Articles | Volume 16, issue 21
Atmos. Chem. Phys., 16, 13561–13577, 2016
https://doi.org/10.5194/acp-16-13561-2016
Atmos. Chem. Phys., 16, 13561–13577, 2016
https://doi.org/10.5194/acp-16-13561-2016

Research article 01 Nov 2016

Research article | 01 Nov 2016

Why do models overestimate surface ozone in the Southeast United States?

Katherine R. Travis et al.

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Interactive discussion

Status: closed
Status: closed
AC: Author comment | RC: Referee comment | SC: Short comment | EC: Editor comment
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Peer-review completion

AR: Author's response | RR: Referee report | ED: Editor decision
AR by Katherine Travis on behalf of the Authors (23 Jun 2016)  Author's response    Manuscript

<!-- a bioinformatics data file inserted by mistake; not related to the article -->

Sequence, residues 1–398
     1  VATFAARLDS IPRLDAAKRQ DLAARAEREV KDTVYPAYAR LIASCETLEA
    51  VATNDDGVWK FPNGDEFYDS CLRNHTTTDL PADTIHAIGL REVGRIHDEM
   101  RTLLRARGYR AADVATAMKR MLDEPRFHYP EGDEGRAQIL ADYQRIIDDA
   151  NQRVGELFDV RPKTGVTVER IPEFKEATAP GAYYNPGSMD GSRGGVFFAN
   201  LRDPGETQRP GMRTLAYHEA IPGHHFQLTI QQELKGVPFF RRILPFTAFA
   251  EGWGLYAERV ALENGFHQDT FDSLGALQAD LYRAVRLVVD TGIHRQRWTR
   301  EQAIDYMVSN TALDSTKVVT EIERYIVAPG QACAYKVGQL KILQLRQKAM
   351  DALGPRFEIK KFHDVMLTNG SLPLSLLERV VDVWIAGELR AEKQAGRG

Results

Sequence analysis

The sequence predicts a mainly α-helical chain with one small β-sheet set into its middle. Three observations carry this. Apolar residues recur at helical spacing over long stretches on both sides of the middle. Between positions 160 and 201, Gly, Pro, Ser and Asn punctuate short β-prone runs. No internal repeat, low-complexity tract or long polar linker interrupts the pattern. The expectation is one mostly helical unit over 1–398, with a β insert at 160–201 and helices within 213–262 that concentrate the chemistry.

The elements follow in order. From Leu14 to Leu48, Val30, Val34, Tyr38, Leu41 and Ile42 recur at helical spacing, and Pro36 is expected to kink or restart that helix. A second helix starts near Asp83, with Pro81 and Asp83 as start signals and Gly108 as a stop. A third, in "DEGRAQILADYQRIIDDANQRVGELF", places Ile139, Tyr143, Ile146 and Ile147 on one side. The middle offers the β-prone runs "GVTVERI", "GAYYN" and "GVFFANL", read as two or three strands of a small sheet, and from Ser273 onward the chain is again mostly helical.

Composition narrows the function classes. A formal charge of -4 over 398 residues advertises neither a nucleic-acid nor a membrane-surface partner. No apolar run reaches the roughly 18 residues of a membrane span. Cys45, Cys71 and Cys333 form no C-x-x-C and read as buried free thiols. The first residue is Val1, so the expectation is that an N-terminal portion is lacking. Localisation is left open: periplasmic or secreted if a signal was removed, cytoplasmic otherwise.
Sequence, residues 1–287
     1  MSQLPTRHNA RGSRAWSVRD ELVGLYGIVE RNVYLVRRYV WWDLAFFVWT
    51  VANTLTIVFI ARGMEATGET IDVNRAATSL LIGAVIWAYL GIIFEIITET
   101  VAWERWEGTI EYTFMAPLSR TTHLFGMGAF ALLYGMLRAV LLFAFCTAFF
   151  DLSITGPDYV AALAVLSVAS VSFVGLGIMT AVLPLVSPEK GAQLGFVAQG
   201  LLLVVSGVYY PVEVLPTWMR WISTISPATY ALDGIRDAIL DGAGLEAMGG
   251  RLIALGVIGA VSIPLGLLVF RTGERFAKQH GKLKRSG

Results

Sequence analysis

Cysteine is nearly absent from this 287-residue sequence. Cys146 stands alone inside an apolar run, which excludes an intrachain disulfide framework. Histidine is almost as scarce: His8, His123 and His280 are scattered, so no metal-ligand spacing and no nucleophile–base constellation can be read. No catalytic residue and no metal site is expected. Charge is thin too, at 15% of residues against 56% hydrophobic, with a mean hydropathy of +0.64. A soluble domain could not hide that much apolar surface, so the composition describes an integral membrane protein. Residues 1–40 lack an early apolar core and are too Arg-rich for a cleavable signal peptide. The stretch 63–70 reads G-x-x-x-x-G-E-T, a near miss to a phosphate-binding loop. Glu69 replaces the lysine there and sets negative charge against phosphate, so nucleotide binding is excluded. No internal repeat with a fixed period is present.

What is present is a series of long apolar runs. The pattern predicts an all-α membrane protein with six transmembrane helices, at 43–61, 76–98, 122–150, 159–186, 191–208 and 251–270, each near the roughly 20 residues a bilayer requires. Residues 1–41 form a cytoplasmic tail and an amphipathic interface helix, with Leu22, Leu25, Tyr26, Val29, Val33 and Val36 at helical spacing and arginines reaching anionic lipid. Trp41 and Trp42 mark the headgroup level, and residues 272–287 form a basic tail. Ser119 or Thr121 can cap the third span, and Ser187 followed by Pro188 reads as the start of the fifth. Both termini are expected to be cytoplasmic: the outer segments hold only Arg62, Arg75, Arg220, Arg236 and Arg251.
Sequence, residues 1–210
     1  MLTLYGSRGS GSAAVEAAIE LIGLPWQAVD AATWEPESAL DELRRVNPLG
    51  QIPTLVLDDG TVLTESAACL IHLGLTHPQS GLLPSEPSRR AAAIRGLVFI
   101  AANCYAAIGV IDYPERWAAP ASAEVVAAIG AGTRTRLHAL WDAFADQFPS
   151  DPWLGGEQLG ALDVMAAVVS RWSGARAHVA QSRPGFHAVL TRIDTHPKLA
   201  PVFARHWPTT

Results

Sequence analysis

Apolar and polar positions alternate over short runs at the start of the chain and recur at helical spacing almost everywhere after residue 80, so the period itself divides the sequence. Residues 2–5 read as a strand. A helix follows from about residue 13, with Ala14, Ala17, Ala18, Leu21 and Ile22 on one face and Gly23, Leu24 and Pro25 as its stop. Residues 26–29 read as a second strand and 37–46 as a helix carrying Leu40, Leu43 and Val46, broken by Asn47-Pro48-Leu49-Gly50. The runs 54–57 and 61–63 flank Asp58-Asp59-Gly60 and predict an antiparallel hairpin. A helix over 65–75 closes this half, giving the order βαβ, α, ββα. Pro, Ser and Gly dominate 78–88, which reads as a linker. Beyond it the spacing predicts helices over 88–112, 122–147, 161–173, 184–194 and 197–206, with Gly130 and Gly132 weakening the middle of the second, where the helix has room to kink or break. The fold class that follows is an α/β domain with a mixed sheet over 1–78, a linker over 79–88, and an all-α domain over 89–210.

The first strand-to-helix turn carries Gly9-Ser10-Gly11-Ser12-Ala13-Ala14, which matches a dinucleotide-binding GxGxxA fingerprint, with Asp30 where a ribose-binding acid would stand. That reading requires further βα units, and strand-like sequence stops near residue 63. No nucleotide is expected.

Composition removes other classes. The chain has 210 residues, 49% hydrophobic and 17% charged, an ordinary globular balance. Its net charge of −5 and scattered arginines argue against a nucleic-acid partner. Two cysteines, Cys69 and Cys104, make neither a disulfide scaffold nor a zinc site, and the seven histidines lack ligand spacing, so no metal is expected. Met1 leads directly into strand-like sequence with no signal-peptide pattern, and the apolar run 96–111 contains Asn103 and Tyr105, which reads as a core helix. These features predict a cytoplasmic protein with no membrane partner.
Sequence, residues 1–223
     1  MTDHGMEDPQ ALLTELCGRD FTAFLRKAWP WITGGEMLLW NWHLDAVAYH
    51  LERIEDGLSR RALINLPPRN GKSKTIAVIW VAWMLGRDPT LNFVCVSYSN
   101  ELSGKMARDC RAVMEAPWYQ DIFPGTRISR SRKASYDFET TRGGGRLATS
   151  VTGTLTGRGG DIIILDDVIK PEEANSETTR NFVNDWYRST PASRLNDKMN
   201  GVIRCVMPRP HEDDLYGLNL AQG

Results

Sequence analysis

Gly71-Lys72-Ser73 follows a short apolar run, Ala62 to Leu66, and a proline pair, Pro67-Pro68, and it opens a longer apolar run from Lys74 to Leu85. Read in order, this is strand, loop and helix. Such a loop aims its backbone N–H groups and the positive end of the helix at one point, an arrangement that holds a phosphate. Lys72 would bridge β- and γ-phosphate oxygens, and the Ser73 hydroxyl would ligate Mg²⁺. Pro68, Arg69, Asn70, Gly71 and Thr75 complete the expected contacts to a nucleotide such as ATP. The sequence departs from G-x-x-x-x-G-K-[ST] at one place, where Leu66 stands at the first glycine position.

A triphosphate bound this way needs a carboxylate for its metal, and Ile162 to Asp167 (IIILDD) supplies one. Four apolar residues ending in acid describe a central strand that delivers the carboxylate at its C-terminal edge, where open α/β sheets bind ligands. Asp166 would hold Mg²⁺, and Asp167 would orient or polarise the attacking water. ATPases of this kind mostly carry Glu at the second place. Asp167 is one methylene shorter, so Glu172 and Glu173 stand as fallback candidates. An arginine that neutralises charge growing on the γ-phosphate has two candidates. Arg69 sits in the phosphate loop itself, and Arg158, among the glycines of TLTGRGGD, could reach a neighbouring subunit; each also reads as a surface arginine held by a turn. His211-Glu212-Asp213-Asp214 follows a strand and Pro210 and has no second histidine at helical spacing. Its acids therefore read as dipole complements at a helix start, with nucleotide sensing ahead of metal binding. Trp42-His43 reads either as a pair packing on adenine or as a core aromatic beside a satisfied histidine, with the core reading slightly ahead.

ED: Reconsider after minor revisions (Editor review) (01 Jul 2016) by Laurens Ganzeveld
AR by Katherine Travis on behalf of the Authors (05 Jul 2016)  Author's response    Manuscript
ED: Reconsider after major revisions (23 Aug 2016) by Laurens Ganzeveld
AR by Katherine Travis on behalf of the Authors (20 Sep 2016)  Author's response    Manuscript
ED: Reconsider after minor revisions (Editor review) (05 Oct 2016) by Laurens Ganzeveld
AR by Katherine Travis on behalf of the Authors (05 Oct 2016)  Author's response    Manuscript
ED: Publish as is (06 Oct 2016) by Laurens Ganzeveld
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Short summary
Ground-level ozone pollution in the Southeast US involves complex chemistry driven by anthropogenic emissions of nitrogen oxides (NOx) and biogenic emissions of isoprene. We find that US NOx emissions are overestimated nationally by as much as 50 % and that reducing model emissions by this amount results in good agreement with SEAC4RS aircraft measurements in August and September 2013. Observations of nitrate wet deposition fluxes and satellite NO2 columns further support this result.
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